Home Insurance and Its Impact on Closing

I spoke to a group of realtors last week. It was the monthly meeting for the JB Real Estate Group (www.jbrealestategroup.com), and the topic I presented was, How To Keep Home Insurance from Derailing the Closing. We had a great discussion and I thought it would be beneficial to share what I presented here. I believe this information is helpful whether you are a home buyer, seller, realtor (listing or buying agent), or even a mortgage loan officer.

Buyer: It all begins with the buyer obtaining a home insurance quote once their offer has been accepted. This should be a “hard” quote which means the agent has run a replacement cost estimate and the CLUE report. The replacement cost estimate determines the amount of home insurance needed to replace your home in the event of a total loss. Ask the agent if they ran a replacement cost estimate. If they didn’t, find another agent.

The CLUE report shows both claims the seller has filed over the last 3 to 5 years, as well as, the buyer’s claims. Some carriers rate for both sets of claims while others only rate for the buyer’s claims. Either way, claims make the home insurance cost more than it would if there were no claims. This helps the buyer confirm nothing is missing in the seller’s disclosure such as a water leak or a hail claim and determine what repairs were made or not made. Ask the agent for a copy of the CLUE report.

Seller: The seller should pull all documentation for claims they’ve filed over the past 5 years. Documentation should include copies of repair bills and paid invoices showing what repairs have been made. This is especially helpful if the sellers have replaced the roof which provides a discount on the buyer’s home insurance.

If a claim has been filed after the seller’s disclosure has been completed, it should be updated to alleviate any surprises to the buyers. I’ve seen a purchase almost fall through because of this.

Listing Agent: When you meet with the sellers to complete the seller’s disclosure, ask about prior claims. I’d also encourage you to ask about any instances where they talked about a possible claim with their agent but did not file one. I’ve seen too many inquiries turn into $0 paid claims, and every underwriter I’ve talked with wants to know what happened and why it wasn’t paid. Help your client pull documents together to share with their buyer.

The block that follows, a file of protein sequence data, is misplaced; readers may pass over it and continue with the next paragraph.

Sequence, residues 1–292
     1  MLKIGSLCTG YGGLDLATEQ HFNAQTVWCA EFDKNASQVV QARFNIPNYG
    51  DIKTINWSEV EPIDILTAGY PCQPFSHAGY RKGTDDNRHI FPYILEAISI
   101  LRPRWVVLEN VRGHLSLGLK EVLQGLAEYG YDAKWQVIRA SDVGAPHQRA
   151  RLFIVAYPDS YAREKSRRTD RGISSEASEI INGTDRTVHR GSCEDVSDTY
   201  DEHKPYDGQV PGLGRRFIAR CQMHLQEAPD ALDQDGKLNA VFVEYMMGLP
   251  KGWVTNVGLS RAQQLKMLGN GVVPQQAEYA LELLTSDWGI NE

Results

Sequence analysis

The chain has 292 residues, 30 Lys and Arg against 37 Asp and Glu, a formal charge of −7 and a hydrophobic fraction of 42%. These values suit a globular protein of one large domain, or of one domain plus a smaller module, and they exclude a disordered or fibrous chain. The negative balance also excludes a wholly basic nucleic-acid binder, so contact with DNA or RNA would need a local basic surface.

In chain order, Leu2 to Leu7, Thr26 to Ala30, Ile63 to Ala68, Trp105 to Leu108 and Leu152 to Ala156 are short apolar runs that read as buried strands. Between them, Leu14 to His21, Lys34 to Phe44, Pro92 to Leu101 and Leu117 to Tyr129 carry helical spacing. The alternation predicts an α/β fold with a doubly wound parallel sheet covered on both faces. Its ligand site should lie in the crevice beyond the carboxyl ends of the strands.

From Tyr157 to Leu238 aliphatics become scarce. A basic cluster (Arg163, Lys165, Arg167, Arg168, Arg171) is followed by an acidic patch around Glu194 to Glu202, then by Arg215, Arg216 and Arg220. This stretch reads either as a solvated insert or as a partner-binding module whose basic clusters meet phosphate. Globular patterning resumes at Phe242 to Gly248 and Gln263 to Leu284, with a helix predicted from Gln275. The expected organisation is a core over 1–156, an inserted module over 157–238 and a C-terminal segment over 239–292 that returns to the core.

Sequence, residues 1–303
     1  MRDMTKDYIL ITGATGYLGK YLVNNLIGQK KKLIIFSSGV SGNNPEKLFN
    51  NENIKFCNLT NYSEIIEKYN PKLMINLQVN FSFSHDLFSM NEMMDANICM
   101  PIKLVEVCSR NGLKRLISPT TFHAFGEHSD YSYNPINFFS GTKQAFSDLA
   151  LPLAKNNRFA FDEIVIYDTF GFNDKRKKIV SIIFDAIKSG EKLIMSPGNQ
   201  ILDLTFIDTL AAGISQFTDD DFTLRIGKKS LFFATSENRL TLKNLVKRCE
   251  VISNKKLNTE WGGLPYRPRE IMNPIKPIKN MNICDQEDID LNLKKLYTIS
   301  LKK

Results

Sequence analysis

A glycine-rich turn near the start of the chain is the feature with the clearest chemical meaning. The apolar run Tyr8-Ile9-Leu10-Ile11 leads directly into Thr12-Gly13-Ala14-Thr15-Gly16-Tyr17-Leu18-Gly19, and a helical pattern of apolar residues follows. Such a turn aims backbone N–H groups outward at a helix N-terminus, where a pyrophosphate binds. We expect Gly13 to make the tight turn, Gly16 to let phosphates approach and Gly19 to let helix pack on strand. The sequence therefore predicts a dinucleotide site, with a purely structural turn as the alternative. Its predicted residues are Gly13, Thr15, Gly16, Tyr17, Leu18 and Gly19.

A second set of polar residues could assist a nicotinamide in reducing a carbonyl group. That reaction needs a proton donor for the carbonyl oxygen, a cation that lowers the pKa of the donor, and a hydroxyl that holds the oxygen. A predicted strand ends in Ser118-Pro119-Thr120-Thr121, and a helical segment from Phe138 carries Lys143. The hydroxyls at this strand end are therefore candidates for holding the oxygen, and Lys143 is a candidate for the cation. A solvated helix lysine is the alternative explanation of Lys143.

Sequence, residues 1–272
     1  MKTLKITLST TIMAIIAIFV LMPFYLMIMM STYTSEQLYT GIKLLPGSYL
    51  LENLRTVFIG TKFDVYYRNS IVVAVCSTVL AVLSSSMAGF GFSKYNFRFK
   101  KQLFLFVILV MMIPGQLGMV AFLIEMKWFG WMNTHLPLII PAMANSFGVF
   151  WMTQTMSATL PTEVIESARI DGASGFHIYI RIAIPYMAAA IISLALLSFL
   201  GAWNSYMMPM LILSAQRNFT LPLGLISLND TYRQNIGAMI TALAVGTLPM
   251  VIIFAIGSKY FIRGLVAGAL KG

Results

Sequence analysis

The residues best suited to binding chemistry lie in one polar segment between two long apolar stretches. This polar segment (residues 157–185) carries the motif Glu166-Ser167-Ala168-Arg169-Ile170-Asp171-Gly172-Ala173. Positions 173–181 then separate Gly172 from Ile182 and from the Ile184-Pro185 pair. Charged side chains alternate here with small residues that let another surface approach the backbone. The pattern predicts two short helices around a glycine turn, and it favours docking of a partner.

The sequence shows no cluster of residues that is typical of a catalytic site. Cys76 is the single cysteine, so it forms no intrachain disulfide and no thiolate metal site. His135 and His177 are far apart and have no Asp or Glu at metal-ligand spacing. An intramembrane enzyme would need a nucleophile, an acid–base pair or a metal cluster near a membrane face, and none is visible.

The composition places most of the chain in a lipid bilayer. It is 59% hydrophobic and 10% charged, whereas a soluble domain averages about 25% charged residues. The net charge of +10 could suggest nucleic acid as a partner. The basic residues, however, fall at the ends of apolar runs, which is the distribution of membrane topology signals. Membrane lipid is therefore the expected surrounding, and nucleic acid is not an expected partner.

Buyer’s Agent: Once the offer is made, encourage the buyer to get a home insurance quote as described above. Better to start over now because of a prior claim than right before closing! If something does turn up, coordinate obtaining information from the listing agent, the buyer’s and their agent. This helps the buying process go smoother and negates unwelcomed surprises.

Loan Officer: Since claims, buyers or sellers, can impact the rate, having a hard quote before the end of the option period ensures the home insurance rate doesn’t negatively impact the buyer’s debt to income ratio. Rates in north Texas are increasing based on the storms we’ve had since December of last year and this will help determine how accurate the estimate you gave the buyers is.

What do you think? Share your comments, questions, and experiences with me on my Facebook, Google +, and LinkedIn pages. I’d love to hear from you! Also, if you are a realtor or mortgage loan officer in the D/FW area, I’d be honored to speak to your team or office. Ensuring a delighted client experience begins with us.

Evie Wise
Evie Wise


Evie Wise
Evie Wise

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